Early Detection of Neuroendocrine Prostate Cancer Transformation Using Circulating Genomic Signatures
About Early Detection of Neuroendocrine Prostate Cancer Transformation Using Circulating Genomic Signatures
- A subset of treatment-resistant metastatic CRPC patients will express markers of neuronal development which are thought to correlate with lethal prostate cancer. These tumors have evolved to no longer rely on the androgen receptor (AR) to grow and survive.
- Diagnosis of this subset of tumors is difficult and they can coexist with classical adenocarcinoma and other cancer cell phenotypes.
- Dr. Beltran and team will generate a noninvasive genomics method for the assessment and early detection of neuronal markers of prostate cancer. Tumor cell DNA is continually shed into the circulation and can be obtained by blood draws. Circulating tumor DNA obtained from blood of patients diagnosed with this subset of prostate cancer expressing neuronal markers will be comprehensively analyzed to determine DNA alterations in these cells compared with adenocarcinoma.
- The genetic alterations that arise during the development of the lethal tumor cell clone during resistance to the AR-targeting therapies, abiraterone acetate or enzalutamide will be identified. Genomic alterations will be correlated with clinical data to identify the best prognostic indicators of AR-therapy resistance and clinical outcome.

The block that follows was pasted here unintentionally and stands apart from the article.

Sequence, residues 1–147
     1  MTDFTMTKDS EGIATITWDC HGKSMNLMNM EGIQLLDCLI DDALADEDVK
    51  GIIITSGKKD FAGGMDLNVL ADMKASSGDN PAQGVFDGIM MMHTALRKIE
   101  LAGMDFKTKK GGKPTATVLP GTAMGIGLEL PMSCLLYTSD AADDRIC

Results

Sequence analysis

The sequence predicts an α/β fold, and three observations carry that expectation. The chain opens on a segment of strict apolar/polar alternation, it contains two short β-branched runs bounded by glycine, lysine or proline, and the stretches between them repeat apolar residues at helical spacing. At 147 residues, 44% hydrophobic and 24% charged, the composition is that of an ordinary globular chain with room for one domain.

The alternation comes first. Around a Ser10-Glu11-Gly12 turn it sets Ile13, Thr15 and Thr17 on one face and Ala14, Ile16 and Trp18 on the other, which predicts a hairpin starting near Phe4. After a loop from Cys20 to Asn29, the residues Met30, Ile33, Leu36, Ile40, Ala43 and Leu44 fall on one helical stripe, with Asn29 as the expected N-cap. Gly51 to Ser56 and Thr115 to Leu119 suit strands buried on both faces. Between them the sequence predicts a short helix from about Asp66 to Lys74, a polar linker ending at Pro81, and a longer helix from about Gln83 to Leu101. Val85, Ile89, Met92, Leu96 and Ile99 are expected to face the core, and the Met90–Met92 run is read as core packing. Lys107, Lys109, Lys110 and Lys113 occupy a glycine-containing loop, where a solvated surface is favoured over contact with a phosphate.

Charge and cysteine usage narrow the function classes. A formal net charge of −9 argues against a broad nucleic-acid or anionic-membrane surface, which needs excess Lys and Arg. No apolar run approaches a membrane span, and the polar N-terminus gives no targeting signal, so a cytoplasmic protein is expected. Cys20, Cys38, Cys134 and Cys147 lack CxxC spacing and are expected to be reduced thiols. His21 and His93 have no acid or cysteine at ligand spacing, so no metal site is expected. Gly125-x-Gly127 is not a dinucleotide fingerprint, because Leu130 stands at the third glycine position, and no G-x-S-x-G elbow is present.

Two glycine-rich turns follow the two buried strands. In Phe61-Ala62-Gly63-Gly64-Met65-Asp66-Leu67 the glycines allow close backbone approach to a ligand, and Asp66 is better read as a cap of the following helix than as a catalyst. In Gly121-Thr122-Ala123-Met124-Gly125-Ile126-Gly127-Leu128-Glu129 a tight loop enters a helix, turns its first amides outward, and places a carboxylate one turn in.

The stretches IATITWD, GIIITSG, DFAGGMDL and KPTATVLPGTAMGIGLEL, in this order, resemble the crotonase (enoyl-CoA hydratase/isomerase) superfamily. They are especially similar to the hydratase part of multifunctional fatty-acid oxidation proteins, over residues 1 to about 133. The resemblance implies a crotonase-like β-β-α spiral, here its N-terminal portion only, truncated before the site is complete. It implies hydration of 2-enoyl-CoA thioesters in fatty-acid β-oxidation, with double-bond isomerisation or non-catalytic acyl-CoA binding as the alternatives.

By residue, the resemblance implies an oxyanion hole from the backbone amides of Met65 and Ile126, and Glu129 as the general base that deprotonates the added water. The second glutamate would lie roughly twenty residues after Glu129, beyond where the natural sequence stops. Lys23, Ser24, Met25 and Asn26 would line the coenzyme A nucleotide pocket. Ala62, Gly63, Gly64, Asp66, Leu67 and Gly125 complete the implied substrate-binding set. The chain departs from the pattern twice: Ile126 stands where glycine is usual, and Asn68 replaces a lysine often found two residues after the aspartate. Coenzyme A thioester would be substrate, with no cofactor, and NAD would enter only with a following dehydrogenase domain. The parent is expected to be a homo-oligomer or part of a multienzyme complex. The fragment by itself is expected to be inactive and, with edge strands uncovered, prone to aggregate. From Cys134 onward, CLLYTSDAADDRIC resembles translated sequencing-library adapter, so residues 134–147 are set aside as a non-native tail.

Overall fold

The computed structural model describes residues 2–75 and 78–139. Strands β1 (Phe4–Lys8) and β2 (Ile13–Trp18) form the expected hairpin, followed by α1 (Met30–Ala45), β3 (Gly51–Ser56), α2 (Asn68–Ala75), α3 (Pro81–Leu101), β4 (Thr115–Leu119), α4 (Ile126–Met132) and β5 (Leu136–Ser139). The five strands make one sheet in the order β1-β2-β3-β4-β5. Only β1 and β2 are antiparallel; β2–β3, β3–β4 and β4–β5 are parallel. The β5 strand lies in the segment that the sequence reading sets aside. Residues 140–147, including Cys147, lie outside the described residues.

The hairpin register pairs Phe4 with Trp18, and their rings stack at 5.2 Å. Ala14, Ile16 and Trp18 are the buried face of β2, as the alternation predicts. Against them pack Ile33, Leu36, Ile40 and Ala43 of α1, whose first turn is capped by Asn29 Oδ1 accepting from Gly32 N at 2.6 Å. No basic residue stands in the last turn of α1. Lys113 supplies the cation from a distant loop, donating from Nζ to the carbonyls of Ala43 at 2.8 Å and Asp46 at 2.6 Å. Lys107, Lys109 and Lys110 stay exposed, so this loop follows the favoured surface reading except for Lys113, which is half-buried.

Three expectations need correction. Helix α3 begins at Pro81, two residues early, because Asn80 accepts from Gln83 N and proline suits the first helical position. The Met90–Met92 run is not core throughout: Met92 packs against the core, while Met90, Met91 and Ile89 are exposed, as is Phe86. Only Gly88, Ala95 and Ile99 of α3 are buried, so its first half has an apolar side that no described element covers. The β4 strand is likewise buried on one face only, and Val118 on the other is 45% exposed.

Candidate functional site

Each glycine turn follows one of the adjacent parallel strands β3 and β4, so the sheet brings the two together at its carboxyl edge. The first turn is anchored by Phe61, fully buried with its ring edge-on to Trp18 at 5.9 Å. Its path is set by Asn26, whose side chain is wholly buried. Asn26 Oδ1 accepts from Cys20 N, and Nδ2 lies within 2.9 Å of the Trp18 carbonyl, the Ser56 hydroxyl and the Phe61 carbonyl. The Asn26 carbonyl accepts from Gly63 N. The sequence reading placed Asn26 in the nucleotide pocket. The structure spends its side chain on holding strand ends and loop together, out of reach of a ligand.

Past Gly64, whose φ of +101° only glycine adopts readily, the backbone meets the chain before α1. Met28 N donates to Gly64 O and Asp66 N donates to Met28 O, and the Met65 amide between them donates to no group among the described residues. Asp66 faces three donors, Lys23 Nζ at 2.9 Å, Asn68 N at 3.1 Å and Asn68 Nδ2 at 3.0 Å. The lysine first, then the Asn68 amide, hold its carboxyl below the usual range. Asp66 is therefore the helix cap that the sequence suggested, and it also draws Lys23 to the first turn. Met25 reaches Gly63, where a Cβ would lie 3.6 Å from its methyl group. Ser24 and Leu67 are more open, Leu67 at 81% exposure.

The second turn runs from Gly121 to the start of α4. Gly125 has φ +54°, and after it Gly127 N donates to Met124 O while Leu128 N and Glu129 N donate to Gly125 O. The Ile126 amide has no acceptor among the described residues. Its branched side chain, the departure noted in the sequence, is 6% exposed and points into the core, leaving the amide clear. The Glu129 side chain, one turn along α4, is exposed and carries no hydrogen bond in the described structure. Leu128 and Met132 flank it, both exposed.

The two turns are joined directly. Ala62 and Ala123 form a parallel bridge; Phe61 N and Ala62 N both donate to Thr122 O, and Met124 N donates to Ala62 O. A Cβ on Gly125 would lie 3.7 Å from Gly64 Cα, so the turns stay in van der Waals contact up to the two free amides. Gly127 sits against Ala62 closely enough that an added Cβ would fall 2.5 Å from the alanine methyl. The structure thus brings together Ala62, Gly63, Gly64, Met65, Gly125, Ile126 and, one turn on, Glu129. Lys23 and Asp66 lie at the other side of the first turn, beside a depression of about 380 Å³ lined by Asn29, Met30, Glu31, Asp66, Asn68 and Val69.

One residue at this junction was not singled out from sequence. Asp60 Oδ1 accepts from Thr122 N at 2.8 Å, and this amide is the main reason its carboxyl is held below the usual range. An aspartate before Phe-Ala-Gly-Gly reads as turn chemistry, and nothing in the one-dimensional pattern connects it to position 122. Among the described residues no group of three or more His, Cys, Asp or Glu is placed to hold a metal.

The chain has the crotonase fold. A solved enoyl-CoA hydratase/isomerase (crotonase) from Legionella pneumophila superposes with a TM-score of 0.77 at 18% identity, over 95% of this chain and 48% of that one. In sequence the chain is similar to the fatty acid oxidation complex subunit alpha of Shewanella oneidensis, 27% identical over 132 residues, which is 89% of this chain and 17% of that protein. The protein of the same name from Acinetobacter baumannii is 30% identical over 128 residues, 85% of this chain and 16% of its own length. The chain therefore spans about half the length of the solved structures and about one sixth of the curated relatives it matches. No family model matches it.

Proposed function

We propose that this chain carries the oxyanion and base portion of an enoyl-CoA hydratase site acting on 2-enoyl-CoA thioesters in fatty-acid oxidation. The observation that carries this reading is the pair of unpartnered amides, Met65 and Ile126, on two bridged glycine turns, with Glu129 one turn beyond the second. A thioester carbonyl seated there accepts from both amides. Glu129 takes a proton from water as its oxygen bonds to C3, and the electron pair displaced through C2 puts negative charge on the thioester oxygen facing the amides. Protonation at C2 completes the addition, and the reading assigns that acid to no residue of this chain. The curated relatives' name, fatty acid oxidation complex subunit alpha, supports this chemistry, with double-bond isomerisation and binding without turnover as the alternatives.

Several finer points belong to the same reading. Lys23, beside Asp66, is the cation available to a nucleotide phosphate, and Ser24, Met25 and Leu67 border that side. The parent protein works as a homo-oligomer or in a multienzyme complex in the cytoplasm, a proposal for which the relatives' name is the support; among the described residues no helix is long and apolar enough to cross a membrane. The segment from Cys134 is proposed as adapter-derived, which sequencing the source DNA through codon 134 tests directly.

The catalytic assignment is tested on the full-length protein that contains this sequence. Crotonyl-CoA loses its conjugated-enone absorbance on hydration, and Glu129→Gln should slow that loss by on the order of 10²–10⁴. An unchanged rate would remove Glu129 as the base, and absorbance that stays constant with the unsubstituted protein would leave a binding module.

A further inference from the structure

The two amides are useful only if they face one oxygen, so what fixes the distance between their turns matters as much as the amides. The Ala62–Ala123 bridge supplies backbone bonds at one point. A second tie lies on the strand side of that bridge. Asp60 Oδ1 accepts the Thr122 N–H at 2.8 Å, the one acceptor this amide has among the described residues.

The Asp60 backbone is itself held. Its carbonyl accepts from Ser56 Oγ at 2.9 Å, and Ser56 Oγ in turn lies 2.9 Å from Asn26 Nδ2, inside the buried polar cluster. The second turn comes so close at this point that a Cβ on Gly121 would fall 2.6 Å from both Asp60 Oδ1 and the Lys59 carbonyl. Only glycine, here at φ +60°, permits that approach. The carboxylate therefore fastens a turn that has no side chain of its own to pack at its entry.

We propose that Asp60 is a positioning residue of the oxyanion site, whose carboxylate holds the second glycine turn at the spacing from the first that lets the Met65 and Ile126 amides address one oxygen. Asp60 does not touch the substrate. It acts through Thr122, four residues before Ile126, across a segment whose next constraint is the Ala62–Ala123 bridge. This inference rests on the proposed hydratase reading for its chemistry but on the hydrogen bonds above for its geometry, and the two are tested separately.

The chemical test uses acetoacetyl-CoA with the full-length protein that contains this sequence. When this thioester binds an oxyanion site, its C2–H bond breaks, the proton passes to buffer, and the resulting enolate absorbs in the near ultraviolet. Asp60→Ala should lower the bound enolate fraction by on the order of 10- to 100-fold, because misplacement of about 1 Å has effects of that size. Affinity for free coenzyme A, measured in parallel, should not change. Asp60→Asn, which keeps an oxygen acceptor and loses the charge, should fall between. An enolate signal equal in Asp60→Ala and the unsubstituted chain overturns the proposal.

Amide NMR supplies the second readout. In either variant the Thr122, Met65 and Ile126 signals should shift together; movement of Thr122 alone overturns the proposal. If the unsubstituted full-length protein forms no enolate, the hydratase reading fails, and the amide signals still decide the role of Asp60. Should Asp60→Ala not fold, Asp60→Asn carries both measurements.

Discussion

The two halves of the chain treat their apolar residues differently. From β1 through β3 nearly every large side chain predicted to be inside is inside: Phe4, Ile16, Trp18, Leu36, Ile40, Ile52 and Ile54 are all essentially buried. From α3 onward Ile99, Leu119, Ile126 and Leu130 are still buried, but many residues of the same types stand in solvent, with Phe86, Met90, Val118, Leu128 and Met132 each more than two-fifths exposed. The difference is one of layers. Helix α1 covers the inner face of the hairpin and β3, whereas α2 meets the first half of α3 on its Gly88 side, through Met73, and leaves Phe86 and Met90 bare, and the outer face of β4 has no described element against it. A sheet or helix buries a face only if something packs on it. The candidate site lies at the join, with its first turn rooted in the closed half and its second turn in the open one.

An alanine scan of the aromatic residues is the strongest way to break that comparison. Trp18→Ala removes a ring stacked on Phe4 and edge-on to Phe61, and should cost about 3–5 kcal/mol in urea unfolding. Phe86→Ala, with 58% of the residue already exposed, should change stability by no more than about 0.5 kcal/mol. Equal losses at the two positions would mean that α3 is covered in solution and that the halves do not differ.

- These studies will be performed in a specialized clinical laboratory setting that will generate a highly standardized blood-based method for noninvasive early diagnosis of lethal prostate cancer.
What this means for patients: Understanding and targeting mechanisms of tumor cell drug-resistance is critical for extending the lives of prostate cancer patients. If successful, this project will identify genomic alterations that allow tumor cells to develop neuronal markers and gain resistance to AR-targeting therapies. This may lead to new methods to diagnose and treat patients with this lethal disease phenotype.
Himisha Beltran, MD (Weill Cornell Medical College)
Gerhardt Attard, MD, PhD (Institute for Cancer Research); Francesca Demichelis, PhD (University of Trento); Alessandro Romanel, PhD (University of Trento); Kenneth Hennrick, MD (Weill Cornell-NewYork Presbyterian)